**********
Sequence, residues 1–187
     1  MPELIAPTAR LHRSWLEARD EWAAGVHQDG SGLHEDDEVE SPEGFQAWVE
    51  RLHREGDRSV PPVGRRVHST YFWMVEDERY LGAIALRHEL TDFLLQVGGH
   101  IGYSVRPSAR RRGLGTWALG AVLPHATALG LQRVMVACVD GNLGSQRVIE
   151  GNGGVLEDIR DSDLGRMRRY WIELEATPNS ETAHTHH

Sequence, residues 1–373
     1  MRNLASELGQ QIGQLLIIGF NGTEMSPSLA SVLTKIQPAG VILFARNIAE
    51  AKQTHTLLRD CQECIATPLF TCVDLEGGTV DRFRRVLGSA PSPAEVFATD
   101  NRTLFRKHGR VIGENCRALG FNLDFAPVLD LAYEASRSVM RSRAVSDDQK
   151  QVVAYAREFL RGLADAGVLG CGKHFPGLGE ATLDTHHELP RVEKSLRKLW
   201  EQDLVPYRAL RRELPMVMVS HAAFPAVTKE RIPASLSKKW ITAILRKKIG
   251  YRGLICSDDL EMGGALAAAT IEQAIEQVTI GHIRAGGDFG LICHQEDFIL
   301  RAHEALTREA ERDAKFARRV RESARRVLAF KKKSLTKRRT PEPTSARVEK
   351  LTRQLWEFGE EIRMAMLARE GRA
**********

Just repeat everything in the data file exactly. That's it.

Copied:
Sequence, residues 1–187
     1  MPELIAPTAR LHRSWLEARD EWAAGVHQDG SGLHEDDEVE SPEGFQAWVE
    51  RLHREGDRSV PPVGRRVHST YFWMVEDERY LGAIALRHEL TDFLLQVGGH
   101  IGYSVRPSAR RRGLGTWALG AVLPHATALG LQRVMVACVD GNLGSQRVIE
   151  GNGGVLEDIR DSDLGRMRRY WIELEATPNS ETAHTHH

Sequence, residues 1–373
     1  MRNLASELGQ QIGQLLIIGF NGTEMSPSLA SVLTKIQPAG VILFARNIAE
    51  AKQTHTLLRD CQECIATPLF TCVDLEGGTV DRFRRVLGSA PSPAEVFATD
   101  NRTLFRKHGR VIGENCRALG FNLDFAPVLD LAYEASRSVM RSRAVSDDQK
   151  QVVAYAREFL RGLADAGVLG CGKHFPGLGE ATLDTHHELP RVEKSLRKLW
   201  EQDLVPYRAL RRELPMVMVS HAAFPAVTKE RIPASLSKKW ITAILRKKIG
   251  YRGLICSDDL EMGGALAAAT IEQAIEQVTI GHIRAGGDFG LICHQEDFIL
   301  RAHEALTREA ERDAKFARRV RESARRVLAF KKKSLTKRRT PEPTSARVEK
   351  LTRQLWEFGE EIRMAMLARE GRA